Is this why Russia’s Internet traffic is running through China? -LW
China is completing the project of the planet’s longest, 2,000-kilometer quantum communication network from Beijing to Shanghai. The network is considered “unhackable” and is set to start operating in 2016.
The “unhackability” is due to the most secure encryption technology ever, the South China Morning Post reported.
By 2030, the network is expected to stretch all over the globe, Xinhua news agency said.
For now, the service is to be used by the Chinese government, the military and key business institutions such as banks.
The plans were disclosed by Professor Pan Jianwei, a quantum physicist with the University of Science and Technology of China and a lead scientist behind the project.
“China’s quantum information science and technology is developing very fast and China leads in some areas in this field. Any city in China, as long they want to, can start to build the quantum communication network now,” he said, Xinhua reported.
Chen Yuxiang, chief engineer for the construction of the Beijing-Shanghai network, indicated that the infrastructure would be ready between the end of the year and next summer. The network also needs to be built and activated.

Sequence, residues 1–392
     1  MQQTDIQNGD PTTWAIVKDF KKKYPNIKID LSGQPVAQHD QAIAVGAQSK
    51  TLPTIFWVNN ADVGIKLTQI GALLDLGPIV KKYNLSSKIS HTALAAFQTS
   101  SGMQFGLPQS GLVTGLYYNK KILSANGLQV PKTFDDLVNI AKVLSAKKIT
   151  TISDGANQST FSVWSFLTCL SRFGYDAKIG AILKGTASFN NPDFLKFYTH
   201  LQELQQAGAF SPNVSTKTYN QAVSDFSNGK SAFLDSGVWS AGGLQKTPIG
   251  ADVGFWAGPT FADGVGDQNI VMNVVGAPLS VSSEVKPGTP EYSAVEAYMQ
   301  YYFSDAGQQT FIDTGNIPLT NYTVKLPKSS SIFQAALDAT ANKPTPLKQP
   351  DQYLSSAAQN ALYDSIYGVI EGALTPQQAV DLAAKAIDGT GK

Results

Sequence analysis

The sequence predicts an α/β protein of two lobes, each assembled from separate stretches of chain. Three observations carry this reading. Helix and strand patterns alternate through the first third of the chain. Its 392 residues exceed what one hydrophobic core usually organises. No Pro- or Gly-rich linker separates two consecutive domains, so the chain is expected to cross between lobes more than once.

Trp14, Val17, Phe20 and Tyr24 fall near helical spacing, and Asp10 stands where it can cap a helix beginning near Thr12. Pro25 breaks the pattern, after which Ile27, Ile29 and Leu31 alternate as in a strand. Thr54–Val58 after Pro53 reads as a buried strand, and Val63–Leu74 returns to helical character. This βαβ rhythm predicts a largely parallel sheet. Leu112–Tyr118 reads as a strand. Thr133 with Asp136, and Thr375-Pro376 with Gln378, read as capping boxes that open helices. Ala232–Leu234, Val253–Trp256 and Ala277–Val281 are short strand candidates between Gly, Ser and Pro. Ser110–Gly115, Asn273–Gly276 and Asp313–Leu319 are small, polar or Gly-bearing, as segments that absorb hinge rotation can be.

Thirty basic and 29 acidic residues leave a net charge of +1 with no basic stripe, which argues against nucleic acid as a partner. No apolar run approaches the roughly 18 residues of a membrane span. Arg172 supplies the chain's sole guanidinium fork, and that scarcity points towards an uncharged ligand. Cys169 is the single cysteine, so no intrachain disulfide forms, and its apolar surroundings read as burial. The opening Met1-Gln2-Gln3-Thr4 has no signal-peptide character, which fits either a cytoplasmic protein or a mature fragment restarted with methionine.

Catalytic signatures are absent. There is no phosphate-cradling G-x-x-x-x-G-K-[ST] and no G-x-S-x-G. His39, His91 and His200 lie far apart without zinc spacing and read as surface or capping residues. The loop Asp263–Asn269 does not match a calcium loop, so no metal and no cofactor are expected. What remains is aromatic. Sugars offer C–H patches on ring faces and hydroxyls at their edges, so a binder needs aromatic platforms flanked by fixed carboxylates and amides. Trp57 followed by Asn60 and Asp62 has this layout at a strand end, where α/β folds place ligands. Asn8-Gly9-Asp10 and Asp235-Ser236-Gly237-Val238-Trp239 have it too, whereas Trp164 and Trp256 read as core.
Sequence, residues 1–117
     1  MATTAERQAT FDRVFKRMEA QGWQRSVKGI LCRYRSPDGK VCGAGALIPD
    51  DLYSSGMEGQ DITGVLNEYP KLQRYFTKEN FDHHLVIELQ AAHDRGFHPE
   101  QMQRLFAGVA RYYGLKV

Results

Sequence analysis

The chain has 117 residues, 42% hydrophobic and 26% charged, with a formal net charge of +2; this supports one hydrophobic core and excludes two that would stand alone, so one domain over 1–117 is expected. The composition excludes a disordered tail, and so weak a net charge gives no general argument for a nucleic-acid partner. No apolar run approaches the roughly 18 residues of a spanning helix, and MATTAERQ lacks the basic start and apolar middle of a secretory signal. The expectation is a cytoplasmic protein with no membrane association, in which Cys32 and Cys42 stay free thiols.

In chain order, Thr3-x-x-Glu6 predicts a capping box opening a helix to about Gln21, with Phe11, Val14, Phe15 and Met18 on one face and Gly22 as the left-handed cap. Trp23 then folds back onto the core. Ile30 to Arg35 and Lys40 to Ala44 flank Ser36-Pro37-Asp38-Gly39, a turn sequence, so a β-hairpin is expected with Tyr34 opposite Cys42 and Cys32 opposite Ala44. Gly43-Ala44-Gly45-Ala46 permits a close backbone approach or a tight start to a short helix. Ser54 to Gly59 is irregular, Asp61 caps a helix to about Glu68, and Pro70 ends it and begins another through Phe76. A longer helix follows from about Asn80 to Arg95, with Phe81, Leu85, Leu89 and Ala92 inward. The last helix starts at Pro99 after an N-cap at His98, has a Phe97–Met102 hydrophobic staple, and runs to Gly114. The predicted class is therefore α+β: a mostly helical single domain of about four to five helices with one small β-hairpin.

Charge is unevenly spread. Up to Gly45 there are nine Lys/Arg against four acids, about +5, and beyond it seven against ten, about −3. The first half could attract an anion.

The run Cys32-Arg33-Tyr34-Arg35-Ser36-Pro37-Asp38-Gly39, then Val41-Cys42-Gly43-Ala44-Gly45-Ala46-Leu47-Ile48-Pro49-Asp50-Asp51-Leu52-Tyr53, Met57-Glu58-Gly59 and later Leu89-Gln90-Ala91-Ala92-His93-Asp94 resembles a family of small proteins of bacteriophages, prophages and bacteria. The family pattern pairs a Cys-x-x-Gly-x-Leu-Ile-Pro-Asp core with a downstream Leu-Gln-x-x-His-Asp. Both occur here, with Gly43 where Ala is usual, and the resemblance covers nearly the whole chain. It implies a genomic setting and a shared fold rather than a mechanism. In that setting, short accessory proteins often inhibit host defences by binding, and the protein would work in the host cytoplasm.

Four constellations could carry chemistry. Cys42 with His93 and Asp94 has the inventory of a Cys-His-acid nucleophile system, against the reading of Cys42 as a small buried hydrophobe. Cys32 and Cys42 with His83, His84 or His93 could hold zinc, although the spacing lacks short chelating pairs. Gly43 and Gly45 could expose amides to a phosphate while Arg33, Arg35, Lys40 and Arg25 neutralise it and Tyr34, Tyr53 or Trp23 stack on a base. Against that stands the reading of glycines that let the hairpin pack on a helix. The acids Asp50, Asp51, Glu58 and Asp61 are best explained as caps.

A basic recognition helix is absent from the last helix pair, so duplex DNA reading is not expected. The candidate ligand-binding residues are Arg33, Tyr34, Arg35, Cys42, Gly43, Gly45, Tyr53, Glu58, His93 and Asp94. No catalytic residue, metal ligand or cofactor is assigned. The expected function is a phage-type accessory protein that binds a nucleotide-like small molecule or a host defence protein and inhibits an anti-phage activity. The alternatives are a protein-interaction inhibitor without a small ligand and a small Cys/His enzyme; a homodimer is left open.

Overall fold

The budget for the Beijing-Shanghai project is estimated at 100 million yuan ($16 million) for every 10,000 users.
Theoretically, the quantum network can’t be hacked: should anyone try to intercept the encryption key, the physical status of the quantum data, or qubits, would change, and alert those who sent the information.
Europe, Japan and Canada are also planning to start their own quantum networks. The US has also been looking for funds to sponsor a 10,000-kilometer network between major cities.
Experts are sure, though, that China is ahead of everyone in the quantum network project.
“The Chinese are really pushing the boundaries. They are moving at an incredible rate. No one else around the world has plans that are this ambitious,” Raymond Laflamme, the head of the Institute for Quantum Computing at the University of Waterloo in Canada, told The Telegraph.
“China is putting itself in the position of having secure private information that other countries will not be able to tap,” he added.